Santiago’s Bodega offers tasty tapas in an inviting space, but some kinks need ironing out.
So even though the folks at Santiago’s Bodega include French onion soup, Italian meatballs and Greek saganaki on their “tapas style” menu, the fact that they are serving dishes of a Spanish inspiration is cause for celebration.
There’s an inviting feel to Santiago’s. The owners, Jason Dugan and Angelo Belcher, who have had a twin location in Key West since 2004, planned on opening last November, revamping two spaces that formerly housed Logan’s Bistro and a series of other stores, but construction wasn’t completed until June. The brick and wood front patio, facing busy Virginia Drive, is captivating. The revamped interior is a refreshing departure from modern and industrial; here, multicolored wood floors and an artfully dappled paint scheme make the rooms feel comfortable and Old World.
Settled in and happy to be in such a pretty place, I anticipated dinner at Santiago’s with joy. The reality, with a few flaws, was mostly good.
To start; soups, A+. A rich consistency was shared by the spicy shrimp bisque and the lentil soup (each $7 a bowl). A perfectly cooked jumbo shrimp (tail on, an awkward item to fish out of thick soup) swam amidst the cream-based soup, enlivened by peppers and citrusy notes. Welcome additions of mushrooms, hot jalapeno and chopped cilantro complemented and contrasted the complex curry-spiced lentil soup.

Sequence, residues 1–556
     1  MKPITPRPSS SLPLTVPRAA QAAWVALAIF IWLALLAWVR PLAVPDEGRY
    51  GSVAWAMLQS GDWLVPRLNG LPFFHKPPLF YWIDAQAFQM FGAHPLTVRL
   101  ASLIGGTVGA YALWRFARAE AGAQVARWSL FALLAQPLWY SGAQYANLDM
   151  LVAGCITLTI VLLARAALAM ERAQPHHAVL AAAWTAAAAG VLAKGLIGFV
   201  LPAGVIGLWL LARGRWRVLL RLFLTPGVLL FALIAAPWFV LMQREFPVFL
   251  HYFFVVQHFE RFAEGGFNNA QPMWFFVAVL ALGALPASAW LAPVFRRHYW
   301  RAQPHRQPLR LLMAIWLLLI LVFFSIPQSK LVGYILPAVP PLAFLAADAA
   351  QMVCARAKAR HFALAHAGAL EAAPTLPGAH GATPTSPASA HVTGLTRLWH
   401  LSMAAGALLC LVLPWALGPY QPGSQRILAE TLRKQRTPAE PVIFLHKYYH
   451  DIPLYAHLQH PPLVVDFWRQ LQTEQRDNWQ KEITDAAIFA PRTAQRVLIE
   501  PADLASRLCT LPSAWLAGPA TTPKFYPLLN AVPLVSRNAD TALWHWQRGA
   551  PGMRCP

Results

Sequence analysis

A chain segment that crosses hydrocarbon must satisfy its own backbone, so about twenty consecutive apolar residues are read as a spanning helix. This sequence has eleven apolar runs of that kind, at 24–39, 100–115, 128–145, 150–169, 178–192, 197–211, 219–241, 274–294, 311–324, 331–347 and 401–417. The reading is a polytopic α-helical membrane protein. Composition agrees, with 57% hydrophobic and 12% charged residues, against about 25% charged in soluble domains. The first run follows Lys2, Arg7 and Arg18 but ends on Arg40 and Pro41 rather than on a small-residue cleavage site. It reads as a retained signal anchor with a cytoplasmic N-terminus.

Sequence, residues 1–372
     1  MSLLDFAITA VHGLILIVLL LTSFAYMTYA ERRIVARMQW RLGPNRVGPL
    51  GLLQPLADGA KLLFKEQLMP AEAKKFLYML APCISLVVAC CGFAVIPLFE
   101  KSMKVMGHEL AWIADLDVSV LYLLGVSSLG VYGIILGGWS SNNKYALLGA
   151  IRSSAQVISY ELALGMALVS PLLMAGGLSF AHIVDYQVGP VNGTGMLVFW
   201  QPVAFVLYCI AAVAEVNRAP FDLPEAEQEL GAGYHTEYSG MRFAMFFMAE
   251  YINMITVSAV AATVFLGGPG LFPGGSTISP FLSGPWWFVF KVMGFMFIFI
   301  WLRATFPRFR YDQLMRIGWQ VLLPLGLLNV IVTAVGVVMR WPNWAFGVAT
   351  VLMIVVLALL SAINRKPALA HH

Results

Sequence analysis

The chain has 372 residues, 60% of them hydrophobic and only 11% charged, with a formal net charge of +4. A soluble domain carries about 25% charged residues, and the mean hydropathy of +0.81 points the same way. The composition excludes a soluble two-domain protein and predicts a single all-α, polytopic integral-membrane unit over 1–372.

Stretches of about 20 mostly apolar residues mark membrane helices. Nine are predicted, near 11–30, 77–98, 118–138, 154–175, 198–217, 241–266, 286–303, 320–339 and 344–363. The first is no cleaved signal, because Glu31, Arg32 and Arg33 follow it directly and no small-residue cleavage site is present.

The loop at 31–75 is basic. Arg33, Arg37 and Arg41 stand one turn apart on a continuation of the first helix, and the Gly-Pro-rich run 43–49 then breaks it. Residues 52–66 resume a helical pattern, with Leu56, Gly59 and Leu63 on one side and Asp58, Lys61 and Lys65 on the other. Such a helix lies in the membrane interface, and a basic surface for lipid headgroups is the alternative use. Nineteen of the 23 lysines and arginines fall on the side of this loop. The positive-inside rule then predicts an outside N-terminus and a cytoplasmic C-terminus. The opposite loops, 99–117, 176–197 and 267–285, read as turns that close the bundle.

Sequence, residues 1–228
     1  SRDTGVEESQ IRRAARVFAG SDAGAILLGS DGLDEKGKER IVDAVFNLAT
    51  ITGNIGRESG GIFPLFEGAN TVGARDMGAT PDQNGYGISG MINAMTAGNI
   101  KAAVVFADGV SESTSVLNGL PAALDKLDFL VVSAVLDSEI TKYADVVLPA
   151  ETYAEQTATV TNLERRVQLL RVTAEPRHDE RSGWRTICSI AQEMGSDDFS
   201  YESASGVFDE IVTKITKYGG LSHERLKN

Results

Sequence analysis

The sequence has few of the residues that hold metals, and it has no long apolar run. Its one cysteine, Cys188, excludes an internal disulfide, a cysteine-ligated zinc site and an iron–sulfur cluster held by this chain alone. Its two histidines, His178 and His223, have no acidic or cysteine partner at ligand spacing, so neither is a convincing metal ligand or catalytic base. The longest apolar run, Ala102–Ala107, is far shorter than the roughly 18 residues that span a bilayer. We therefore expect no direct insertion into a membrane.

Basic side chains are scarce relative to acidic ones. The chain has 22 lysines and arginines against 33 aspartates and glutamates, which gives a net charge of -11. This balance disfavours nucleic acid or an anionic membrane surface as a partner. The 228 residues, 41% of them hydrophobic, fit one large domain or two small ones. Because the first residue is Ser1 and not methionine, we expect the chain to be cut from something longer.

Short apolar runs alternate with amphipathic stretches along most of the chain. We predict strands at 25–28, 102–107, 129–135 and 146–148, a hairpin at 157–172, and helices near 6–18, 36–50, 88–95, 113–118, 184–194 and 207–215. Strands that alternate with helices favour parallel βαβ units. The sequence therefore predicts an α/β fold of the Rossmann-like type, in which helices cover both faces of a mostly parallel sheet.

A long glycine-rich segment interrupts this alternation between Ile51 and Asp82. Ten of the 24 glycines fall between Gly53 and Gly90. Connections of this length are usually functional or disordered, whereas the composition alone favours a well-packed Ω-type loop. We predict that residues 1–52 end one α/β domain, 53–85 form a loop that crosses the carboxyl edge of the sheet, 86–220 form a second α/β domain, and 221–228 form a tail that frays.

And then we waited. An hour passed with just a bowl of soup for comfort before our waiter remembered we had already ordered, and hastily volunteered that he would rush our dinner out. Which may explain the undercooked state of the beautiful-looking roasted Brussels sprouts ($9), topped with pine nuts and shredded Parmesan and chewy to the point of distraction. We had already waited 60 minutes; 5 more wouldn’t have hurt.
After that, courses arrived quickly. A pillow of puff pastry ($7) enclosed sautéed mushrooms and onions in a cream sauce and made for an all-too-quick bite. Likewise the tiny goat cheese tartlet ($8), peppers, onions and garlic with a classic French herb mix flavoring the cheese. More substantial was a skewered trio of grouper chunks ($11), nicely cooked but overpowered by a crunchy fennel seed and coriander blackening.
I had to try the classic tapas dish, patatas bravas ($7.50). Unfortunately, that meant coming back for lunch, since our dinner order never arrived (lunch service was far better). Fried potato chunks are drenched in a spicy, pepper-based sauce, traditionally accompanied by a heat-quenching shot of brandy. I particularly liked the combination of hot sauce and vinegary capers. Lunch also brought a cold gazpacho ($4 by the cup), the pureed vegetable base garnished with a brunoise of tiny diced peppers, tomatoes and onion (superb knife skills in this kitchen, by the way) and cilantro microgreens. Chicken skewers ($9), nicely flavored with lemon zest and aromatic rosemary, were a small but good lunch dish.
The “small plate and share” experience gets expensive quickly. While the patatas bravas was a starchy bargain, three dollars for two sourdough rolls is a bit much; a two-inch square of puff pastry with a smear of cheese for $8 is a high-end starter, not a bodega tapa. And for an experienced business, service should be as sharp as the knives in the kitchen.
802 Virginia Drive, Orlando